SHEEP BEHAVIOR

 

          If you are going to raise or own sheep, you should try to understand them.  A good understanding of what is normal behavior will allow you to handle them for effectively and also to spot a problem before it gets too serious.   The information contained in this document comes from a variety of sources including the University of Maryland website for ruminants as well as a variety of how to books for sheep. 

 Flocking

            Sheep have a strong instinct to follow the sheep in front of them. When one sheep decides to go somewhere, the rest of the flock usually follows, even if it is not a good "decision." The flocking and following instinct of sheep is so strong that it caused the death of 400 sheep in 2006 in eastern Turkey. The sheep plunged to their death after one of the sheep tried to cross a 15-meter deep ravine, and the rest of the flock followed.

          Even from birth, lambs are taught to follow the older members of the flock. Ewes encourage their lambs to follow. The dominant members of the flock usually lead, followed by the submissive ones. If there is a ram in the flock, he usually leads. This instinct is "hard-wired" into sheep. It's not something they "think" about.

Social

             Sheep are a very social animal. In a grazing situation, they need to see other sheep. In fact, ensuring that sheep always have visual contact with other sheep will prevent excess stress when moving or handling them. According to animal behaviorists, a group of five sheep is usually necessary for sheep to display their normal flocking behavior. A sheep will become highly agitated if it is separated from the rest of the flock.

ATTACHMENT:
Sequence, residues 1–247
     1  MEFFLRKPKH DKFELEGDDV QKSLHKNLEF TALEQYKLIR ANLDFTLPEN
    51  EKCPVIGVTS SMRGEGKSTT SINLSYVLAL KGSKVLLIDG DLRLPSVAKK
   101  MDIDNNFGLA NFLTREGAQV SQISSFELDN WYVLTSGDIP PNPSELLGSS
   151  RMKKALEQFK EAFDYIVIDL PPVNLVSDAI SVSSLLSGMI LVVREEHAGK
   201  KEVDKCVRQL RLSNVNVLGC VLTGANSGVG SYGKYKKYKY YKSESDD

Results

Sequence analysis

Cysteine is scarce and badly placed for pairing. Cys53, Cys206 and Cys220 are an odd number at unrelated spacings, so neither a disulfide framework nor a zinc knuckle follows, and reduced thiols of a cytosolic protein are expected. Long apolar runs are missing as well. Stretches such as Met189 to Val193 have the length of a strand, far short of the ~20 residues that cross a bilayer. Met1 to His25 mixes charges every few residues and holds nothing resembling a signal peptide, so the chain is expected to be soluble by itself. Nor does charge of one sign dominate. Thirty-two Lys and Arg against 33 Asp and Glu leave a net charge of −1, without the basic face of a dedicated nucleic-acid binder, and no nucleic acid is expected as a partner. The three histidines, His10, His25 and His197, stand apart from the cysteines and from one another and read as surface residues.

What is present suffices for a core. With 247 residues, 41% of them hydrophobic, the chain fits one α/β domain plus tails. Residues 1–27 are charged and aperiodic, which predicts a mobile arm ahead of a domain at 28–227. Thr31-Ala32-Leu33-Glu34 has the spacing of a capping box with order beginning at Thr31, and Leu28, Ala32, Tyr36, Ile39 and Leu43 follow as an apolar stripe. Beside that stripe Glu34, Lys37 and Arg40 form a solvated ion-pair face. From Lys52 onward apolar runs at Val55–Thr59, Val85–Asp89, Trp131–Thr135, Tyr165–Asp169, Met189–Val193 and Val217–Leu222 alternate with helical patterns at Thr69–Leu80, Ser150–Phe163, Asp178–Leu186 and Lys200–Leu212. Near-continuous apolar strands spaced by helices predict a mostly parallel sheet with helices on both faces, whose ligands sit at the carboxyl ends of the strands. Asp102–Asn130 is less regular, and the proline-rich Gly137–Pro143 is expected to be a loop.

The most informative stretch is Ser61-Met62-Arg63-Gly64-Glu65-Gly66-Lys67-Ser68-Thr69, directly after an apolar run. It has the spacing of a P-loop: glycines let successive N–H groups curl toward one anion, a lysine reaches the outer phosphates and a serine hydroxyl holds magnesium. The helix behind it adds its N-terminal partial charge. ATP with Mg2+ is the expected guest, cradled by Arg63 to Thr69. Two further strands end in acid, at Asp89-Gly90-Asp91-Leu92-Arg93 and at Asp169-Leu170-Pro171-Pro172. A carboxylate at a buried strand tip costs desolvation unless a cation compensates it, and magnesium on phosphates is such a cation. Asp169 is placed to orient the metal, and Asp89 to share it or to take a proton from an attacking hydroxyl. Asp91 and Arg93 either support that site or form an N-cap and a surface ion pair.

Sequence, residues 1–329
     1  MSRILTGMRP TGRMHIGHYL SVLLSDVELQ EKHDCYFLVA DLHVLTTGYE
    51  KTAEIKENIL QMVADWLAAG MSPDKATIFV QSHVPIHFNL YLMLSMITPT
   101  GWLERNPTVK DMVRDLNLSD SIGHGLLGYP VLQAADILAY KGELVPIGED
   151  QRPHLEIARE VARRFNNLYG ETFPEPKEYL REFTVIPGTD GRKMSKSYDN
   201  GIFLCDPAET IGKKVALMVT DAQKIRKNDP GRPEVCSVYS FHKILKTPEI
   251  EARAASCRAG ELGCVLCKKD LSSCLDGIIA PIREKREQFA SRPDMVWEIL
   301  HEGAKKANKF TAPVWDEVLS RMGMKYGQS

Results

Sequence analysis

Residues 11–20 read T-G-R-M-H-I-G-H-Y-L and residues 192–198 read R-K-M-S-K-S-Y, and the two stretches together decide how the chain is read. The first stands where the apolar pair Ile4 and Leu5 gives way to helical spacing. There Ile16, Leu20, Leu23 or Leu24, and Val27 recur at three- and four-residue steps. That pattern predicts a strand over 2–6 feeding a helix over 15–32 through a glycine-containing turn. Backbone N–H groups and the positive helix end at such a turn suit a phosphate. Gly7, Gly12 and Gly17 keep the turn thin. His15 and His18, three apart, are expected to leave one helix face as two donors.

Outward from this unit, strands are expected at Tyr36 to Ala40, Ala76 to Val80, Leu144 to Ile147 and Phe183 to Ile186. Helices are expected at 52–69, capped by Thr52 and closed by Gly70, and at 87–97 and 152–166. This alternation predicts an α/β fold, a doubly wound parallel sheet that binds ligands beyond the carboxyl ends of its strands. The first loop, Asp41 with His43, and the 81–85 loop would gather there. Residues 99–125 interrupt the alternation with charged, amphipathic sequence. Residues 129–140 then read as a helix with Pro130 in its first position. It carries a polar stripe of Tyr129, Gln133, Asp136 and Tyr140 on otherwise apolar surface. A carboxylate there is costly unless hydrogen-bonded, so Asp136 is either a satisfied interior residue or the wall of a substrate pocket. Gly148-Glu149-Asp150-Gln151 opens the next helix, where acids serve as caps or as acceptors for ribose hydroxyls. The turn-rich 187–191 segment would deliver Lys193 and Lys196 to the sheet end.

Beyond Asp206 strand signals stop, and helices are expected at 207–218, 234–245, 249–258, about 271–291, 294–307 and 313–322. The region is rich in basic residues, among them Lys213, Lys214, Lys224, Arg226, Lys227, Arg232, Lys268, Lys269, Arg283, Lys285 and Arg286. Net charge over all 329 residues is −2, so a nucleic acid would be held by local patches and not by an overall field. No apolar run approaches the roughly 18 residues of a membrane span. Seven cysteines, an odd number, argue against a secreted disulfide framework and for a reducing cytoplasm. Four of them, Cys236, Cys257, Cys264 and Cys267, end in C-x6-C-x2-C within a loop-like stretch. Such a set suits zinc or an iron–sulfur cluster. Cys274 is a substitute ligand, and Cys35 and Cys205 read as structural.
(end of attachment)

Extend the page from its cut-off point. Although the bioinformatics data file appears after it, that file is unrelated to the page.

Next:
In addition to serving as a protection mechanism against predators, this flocking and following instinct enables humans to care for large numbers of sheep. It makes sheep easier to move or drive and enables a guardian dog to provide protection for a large flock. Domestication and thousands of generations of human contact has further strengthened this trait in sheep.

             Domestication has also favored the non-aggressive, docile nature of sheep, making it easier for people, especially women and children, to care for sheep. Sheep were one of the earliest animals to be domesticated, and they have been thoroughly domesticated. It is doubtful they could survive in the wild, if a predator risk existed.

Prey Behavior

          Sheep are a prey animal. When they are faced with danger, their natural instinct is to flee not fight. Their strategy is to use avoidance and rapid flight to avoid being eaten.

          After fleeing, sheep will reform their group and look at the predator. They use their natural herding instinct to band together for safety. A sheep that is by itself is vulnerable to attack.

          Sheep tracks are never straight. The winding of trails allows sheep to observe their backside first with one eye, then the other. Sheep can spot dogs or other perceived forms of danger from 1,200 to 1,500 yards away.

 Sheep Senses

             Sight